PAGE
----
La Niña weather events will help push farm gate output to a near-record $85 billion this year as flooding in parts of Australia is offset by almost perfect growing conditions elsewhere along with strong commodity prices.
The winter crop is expected to be the second-largest on record at 62 million tonnes, and combined with strong prices will push agricultural exports to a record $72 billion in 2022-23.
Production is expected to reach records in Western Australia and South Australia following favourable conditions, and despite damaging rainfalls, crop production in the eastern states remains high overall.
Strong demand for wheat and canola spurred a race for paddock space, and both are expected to produce record volumes, according to the Australian Bureau of Agricultural and Resource Economics.
Jared Greenville, executive director of ABARES, said some key regions were experiencing their best winter crops on record.
“We saw a record amount of crop planted in Victoria this year. At the state level, high yields in the Mallee and the Wimmera will offset crop losses in central and northern border regions,” Dr Greenville said.
“However, the full picture of damage to crops from extensive waterlogging remains an unknown,” he cautioned, and further rainfall over summer that stops crops from being harvesting will add to losses.
Back-to-back La Niña events and a negative Indian Ocean Dipole have sparked exceptionally wet conditions in recent years.
“Considerable uncertainty remains over winter crop harvest progress and grain quality in NSW and Victoria given ongoing high rainfall, which could lead to downgrades in production value,” Dr Greenville said.
Livestock production is expected to hold steady, contributing $34 billon to the national $85 billion total.
Over the medium term to 2026-27, farm gate output is expected to pull back from the record levels to between $65 billion and $70 billion a year, well below the National Farmers Federation target of $100 billion by 2030.
Food prices rose at the fastest annual pace since 2006 in the September quarter, which was partially attributable to flooding and heavy rainfall.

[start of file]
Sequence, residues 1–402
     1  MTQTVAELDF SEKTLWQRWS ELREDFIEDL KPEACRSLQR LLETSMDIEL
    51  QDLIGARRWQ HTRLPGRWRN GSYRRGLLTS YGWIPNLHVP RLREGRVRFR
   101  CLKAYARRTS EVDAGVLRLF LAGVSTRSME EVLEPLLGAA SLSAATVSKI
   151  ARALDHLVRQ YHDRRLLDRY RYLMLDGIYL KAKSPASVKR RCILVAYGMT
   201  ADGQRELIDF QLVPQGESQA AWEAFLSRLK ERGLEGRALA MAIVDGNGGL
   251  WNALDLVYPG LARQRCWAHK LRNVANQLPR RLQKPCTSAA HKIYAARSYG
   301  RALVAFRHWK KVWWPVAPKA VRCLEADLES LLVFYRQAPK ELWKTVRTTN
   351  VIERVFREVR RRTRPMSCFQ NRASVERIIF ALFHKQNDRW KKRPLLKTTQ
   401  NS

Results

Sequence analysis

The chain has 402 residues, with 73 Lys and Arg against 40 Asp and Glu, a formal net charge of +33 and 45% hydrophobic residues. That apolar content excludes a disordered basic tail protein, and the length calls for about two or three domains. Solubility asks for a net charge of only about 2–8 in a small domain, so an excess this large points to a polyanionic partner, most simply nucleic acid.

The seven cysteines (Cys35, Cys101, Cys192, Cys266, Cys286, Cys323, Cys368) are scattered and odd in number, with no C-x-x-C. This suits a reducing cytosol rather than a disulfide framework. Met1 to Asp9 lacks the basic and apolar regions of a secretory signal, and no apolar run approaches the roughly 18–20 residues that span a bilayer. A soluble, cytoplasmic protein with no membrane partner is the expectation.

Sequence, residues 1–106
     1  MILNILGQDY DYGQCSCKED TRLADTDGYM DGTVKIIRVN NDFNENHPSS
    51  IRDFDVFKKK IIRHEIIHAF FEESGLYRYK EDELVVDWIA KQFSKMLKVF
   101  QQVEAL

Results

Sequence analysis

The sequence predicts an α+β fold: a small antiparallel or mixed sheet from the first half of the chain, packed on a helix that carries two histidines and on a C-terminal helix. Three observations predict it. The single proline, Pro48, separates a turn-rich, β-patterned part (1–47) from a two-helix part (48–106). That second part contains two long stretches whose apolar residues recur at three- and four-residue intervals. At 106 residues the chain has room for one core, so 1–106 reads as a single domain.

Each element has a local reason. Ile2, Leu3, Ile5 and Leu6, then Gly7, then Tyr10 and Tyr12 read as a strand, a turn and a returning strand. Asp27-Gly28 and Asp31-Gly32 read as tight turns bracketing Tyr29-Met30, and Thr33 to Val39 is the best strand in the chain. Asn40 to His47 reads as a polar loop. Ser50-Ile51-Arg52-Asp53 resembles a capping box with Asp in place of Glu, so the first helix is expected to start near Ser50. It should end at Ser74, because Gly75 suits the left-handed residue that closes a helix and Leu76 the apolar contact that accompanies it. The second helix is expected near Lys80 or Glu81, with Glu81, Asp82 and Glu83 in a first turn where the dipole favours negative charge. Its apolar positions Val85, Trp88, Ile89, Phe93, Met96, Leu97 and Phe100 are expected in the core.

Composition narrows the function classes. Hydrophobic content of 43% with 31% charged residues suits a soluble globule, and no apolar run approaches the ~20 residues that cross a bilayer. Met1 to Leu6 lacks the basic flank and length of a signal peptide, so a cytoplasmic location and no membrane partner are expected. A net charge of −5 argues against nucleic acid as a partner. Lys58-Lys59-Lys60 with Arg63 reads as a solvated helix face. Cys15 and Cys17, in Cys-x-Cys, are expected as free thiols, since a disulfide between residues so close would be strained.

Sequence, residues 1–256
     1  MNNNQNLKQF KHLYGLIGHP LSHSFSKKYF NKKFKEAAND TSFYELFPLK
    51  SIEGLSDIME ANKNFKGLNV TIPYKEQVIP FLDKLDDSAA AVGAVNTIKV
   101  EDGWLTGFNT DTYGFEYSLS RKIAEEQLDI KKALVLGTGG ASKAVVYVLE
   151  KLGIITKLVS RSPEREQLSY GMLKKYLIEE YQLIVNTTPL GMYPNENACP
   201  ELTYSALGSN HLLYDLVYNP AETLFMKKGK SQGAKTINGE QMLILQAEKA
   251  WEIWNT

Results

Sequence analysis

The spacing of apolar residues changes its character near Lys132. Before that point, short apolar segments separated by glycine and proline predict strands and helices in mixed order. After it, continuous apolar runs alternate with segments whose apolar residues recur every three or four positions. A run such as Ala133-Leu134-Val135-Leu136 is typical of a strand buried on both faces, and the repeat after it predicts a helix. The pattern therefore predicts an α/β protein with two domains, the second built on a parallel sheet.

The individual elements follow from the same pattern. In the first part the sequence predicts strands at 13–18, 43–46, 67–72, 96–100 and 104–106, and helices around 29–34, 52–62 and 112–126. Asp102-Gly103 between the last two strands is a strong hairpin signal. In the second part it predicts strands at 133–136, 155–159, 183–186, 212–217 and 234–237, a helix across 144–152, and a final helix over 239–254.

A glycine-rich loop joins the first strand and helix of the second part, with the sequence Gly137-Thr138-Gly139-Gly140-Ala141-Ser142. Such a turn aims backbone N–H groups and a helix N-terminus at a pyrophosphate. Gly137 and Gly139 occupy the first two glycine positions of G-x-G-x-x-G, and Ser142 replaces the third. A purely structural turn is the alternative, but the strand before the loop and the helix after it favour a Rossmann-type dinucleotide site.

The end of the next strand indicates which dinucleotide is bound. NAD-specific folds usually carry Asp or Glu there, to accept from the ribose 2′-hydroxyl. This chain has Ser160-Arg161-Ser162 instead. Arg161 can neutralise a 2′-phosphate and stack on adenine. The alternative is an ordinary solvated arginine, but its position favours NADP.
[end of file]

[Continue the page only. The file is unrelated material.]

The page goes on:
ABARES said while food prices were rising quickly, farmers were also facing rapidly growing input costs. The price of fuels and fertilisers, for example, both rose more than 100 per cent, while chemicals are up 30 per cent.
Looking ahead, summer crops are forecast to be well above average, supported by high soil moisture and significant areas of land left unused during winter. However, ABARES warned of high summer rainfall risks.
The exception is NSW, where excessively wet conditions mean summer crop planting is forecast to be down about 9 per cent.
On an individual commodity level, wheat production is forecast to reach a record of 36.6 million tonnes, a 1 per cent increase over the previous record set last year, according to ABARES.
Barley production is tipped to reach 13.4 million tonnes, the fourth-largest on record, while canola is forecast to reach a record at 7.3 million tonnes, a 4 per cent improvement over the previous record set last year.
Cotton production is forecast to decrease 23 per cent in 2022–23 to 4.3 million bales, following a record of 5.6 million bales in 2021–22, largely due to excessive rain preventing planting in affected regions.
Rice production is also expected to fall significantly, more than halving, also because of “extreme rainfall” preventing growers from accessing paddocks.
Wine is forecast to fall in 2022–23 due to the continued oversupply of red wine available on global markets, and the ongoing effects of China’s anti-dumping decision.
Original article published in the Financial Review and written by Ronald Mizen, Economics correspondent. Dec 6, 2022.